The guidelines for cell phone radiation (RF) was created in August, 1996, by the FCC after input from the Food and Drug Administration (FDA), the Environmental Protection Agency (EPA), the National Institute for Occupational Safety and Health (NIOSH), and the Occupational Safety and Health Administration (OSHA). These guidelines took into account the rate at which the human body tissue absorbs radiation energy during cell phone use and was standardised as the Specific Absorption Rate (SAR).
A maximum SAR of 1.6 watts of energy absorbed per kilogram of body weight was deemed as safe for public use by the FCC. This limit was set to prevent the thermal effects of cell phone radiation, since RF radiation can heat human body tissue. Contrary to popular belief, the SAR limit was not set to prevent other biological effects like cancer or DNA mutation/damage (since it was near enough impossible to tell long term effects of cell phone radiation at the time).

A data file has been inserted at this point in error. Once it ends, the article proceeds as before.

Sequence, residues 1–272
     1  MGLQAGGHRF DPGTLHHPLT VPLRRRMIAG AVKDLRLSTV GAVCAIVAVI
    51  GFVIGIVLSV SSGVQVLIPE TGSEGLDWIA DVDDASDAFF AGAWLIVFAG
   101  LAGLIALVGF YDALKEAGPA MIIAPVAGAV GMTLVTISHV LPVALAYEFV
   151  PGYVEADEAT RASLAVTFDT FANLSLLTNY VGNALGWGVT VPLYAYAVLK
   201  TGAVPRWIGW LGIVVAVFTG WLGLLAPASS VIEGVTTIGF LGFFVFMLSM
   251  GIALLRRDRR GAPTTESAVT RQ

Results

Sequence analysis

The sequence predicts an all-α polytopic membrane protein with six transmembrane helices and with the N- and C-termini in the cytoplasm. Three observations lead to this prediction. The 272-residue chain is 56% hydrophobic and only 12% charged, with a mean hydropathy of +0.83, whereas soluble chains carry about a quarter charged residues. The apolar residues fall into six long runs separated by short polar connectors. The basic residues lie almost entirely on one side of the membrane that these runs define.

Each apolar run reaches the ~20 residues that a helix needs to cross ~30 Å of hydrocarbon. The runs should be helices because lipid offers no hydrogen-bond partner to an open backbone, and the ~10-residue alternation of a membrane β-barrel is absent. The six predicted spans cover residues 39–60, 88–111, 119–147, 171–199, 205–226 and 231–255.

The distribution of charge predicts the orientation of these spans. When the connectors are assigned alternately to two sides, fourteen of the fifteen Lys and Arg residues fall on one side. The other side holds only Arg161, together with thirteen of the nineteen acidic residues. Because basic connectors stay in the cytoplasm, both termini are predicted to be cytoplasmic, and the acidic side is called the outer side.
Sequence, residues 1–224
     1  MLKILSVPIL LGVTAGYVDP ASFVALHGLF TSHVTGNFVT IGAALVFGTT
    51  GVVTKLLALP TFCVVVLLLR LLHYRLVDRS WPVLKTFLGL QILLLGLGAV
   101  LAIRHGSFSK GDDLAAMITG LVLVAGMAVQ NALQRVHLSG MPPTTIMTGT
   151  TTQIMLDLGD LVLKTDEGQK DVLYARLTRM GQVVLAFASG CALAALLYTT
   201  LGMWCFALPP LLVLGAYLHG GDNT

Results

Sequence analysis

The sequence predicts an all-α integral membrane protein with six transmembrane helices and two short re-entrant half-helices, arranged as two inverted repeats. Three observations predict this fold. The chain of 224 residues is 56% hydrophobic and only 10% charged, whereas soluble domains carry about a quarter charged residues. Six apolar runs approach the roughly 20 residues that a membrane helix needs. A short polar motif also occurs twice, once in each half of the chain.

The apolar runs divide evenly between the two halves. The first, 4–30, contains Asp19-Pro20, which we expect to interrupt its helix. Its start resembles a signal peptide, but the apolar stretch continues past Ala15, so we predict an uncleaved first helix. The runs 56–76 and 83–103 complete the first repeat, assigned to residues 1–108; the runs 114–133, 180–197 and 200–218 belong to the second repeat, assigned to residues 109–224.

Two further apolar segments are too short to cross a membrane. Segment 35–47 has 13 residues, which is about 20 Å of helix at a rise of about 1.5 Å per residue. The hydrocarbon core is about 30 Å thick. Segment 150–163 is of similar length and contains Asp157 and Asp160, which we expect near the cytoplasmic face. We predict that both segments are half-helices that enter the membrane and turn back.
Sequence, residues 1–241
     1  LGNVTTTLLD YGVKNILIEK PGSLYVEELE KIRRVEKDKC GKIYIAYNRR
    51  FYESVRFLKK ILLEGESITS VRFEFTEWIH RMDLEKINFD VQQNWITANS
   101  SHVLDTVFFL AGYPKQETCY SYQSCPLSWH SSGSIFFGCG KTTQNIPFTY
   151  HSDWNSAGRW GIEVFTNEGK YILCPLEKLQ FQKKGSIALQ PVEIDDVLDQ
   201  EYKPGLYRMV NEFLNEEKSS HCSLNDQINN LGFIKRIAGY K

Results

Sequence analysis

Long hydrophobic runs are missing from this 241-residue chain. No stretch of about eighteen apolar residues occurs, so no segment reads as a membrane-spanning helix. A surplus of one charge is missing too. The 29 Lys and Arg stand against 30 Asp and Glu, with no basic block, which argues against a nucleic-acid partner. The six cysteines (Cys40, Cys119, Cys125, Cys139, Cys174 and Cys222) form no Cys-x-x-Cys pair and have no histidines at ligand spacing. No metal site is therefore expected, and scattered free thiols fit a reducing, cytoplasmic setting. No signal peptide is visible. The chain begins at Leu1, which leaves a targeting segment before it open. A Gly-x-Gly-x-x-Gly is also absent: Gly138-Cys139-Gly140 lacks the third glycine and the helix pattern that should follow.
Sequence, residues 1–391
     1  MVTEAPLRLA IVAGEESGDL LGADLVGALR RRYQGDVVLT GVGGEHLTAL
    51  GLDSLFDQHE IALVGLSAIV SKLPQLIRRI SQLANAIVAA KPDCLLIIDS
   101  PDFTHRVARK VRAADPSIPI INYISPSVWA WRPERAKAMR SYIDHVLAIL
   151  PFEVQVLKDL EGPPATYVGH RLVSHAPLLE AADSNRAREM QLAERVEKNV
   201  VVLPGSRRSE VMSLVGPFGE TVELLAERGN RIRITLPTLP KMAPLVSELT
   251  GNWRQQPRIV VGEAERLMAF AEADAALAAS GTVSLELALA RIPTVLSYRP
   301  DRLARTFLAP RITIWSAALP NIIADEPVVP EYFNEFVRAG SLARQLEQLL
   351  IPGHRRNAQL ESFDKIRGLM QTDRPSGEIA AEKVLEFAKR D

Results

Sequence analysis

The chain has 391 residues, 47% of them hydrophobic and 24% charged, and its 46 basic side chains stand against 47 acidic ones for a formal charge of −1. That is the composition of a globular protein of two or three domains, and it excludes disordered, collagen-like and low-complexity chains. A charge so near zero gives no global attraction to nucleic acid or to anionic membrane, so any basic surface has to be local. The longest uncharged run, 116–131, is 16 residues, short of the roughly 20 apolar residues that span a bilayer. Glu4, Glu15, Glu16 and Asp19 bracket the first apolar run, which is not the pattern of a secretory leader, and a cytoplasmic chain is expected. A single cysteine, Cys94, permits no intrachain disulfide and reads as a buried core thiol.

The limit was based on a cell phone call that averages 30 minutes when the cell phone is held to the ear. Holding a cell phone away from the body or using headphones/headsets helps lower the amount of radiation your body absorbs.
The table below shows the SAR level for the new flagship phones from major manufacturers (highest to lowest).
Phone Brand and Model
SAR Level (body)
Samsung Galaxy S5
Nokia Lumia 1520
HTC One M8
Samsung Note 3
Nokia Lumia Icon
Motorola Moto X
Will the radiation levels affect your decision on which phone you will be getting? Let us know in the comments!